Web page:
Cheese and Wine Musings

Cheese and wine, a match made in heaven? I had the pleasure of speaking  about cheesemaking at the Hurstville Wine Club monthly meeting recently.  Damian, Rhonda, Jeff and the team made me feel very welcome and it was great chatting to people who enjoyed tasting different wines and learning something new.

I covered the process of cheesemaking and then talked about wine and cheese pairing.   I recommend a common sense approach which would be used not only with wine but with any food being matched to cheese.  The stronger the cheese flavour, the more robust must be the matching wine (see the table at the end of this article).

I also demonstrated how to make ricotta (see my recipe here) and a sample of warm, freshly made cheese was sampled by the attendees.  It took just 20 minutes to make the cheese from start to finish, and I was fortunate to have help from the audience to stir the curd and spoon it into a basket.

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Ricotta cheese making demonstration

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Wine and Cheese Pairings

Types of Cheese Examples Wine Pairing
Fresh Cheese and Soft Cheese Cottage cheese, Cream cheese, Ricotta, Mozzarella, Halloumi, Fetta

Brie and Camembert

Crisp whites,

Sparkling wines,

Dry rose and

Light reds

Semi Hard Cheese

Hard Cheese (young)

Edam, Havarti

Parmesan, Cheddar, Gouda

Fruity reds,

Medium whites and vintage sparkling wines

Hard Aged Cheese Aged Cheddar, Cheshire Full bodied whites and tannic reds, also

Sweeter fortified wines

Blue Cheese Danish, Roquefort, Stilton Robust wines with sweetness to balance the bold flavours, eg Muscat

Text and photos copyright: Sophia Poulos

 

The Windmill Resort

Kythera again… and why not, you can sample the best of everything in a small corner of the world. A Greek island where those who leave, often return.

One such person is Alex. Even though his homeland is Australia, he just can’t keep away.  And so he acquired a Greek windmill, made of stone, in the middle of Kythera.  He slowly fixed it up, the old tower, the inner workings, and surrounded it with a number of quaint cottages for rent, circling them with magnificent grounds, growing organic produce and raising livestock, and the odd dog.

I was fortunate to visit this lovely place in summer and enjoyed Alex’s warm hospitality.  Alex is highly interested in the environment and has ensured that the property meets the requirements for organic certification.  He showed a group of us around the property, pointing out the organic tomatoes, zucchini’s as well as herbs, and a large chicken coop where hens produced beautiful fresh eggs.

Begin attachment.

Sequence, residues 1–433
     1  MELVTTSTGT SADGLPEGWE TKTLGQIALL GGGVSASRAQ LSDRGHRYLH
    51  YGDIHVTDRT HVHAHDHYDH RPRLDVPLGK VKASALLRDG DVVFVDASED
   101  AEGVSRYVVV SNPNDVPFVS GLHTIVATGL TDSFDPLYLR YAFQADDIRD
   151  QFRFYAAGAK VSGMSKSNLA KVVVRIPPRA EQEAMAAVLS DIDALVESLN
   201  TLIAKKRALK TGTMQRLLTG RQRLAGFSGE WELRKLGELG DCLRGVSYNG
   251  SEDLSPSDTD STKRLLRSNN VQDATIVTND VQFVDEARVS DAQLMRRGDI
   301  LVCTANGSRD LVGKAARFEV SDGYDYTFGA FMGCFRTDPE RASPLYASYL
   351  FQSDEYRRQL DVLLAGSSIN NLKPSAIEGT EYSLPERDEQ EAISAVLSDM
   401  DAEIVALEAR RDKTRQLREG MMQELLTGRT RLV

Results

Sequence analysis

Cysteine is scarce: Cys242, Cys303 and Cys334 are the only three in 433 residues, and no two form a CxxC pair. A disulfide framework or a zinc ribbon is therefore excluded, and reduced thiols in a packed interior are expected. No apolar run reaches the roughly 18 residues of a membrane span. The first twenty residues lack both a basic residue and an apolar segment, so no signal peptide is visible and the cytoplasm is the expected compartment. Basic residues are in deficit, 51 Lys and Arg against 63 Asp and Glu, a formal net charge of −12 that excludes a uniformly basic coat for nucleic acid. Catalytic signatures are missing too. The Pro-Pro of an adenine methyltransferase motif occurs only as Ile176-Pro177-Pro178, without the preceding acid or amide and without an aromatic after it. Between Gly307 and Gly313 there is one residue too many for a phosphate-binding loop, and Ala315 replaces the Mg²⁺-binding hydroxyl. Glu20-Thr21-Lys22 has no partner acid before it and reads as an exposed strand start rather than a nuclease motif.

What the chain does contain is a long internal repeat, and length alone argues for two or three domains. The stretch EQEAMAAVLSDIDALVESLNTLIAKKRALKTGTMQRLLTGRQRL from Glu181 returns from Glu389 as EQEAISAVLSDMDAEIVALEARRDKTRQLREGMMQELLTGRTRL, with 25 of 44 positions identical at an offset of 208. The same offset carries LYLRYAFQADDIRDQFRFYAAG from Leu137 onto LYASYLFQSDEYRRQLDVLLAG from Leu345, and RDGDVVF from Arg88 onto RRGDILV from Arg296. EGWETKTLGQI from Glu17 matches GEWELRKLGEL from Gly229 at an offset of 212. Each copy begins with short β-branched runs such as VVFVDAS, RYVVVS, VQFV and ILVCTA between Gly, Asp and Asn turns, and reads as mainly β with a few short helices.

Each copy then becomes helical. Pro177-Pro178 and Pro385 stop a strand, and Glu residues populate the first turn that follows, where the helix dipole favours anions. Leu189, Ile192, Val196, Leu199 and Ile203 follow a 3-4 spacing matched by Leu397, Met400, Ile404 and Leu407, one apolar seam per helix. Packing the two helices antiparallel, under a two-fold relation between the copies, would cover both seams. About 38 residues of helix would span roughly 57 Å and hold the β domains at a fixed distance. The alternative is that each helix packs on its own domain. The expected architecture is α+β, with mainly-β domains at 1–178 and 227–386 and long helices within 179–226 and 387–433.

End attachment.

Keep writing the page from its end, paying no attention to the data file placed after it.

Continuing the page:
The property has a large covered area and outdoor kitchen. The residents can enjoy a communal breakfast in the covered eating area, getting ready for the days activities of sightseeing, hiking, or simply, more eating!

If you want to experience a little slice of heaven, you wouldn’t be remiss to visit this place. Alex and his team are there in the summertime, to look after you  – or you can just sit and contemplate, perhaps as Zorba would have done so long ago.  And if you listen closely, you may even hear his voice on the wind “Teach me to Dance…”

For more information on the Windmill resort see http://thewindmillresort.com/

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Photos: Sophia Poulos

Cooking Classes at Aphrodite’s Island

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Welcome to Elizabeth’s class

Kythera is a magical place in Greece, also known as the birthplace of Aphrodite.  There are many beautiful places to see and things to do on the island.  The opening lines in Vilana Studio’s website state: “Kythera. For some the centre of Europe, for others the world. This is where three seas meet, the Aegean, the Ionian and the Cretan. It is also where these seas meet with the sun”.

 

I attended a cooking class held by Elizabeth Stais from Vilana Studios located in the southern part of Kythera. Elizabeth demonstrated how to make the greek Mizithra (soft style cheese) using raw goats milk produced on the estate.  Elizabeth also demonstrated how to prepare homemade vegetable and sweet pies using the fresh cheese.  We also tasted some of Elizabeth’s other homemade specialities such as Fatouratha, a sweet spice liqueur made from a grape spirit.

We were shown an old stone hand mill used to split peas and to grind grain.  The estate also has a special field called a “babakia”.  This is a unique farming practice used in Kythera where the fields are treated in a particular way so that the crops do not require watering after they are established.  This field grows tomatoes, melons, beans and other produce in a seemingly magical way and the flavour is more intense due to this special method of agriculture.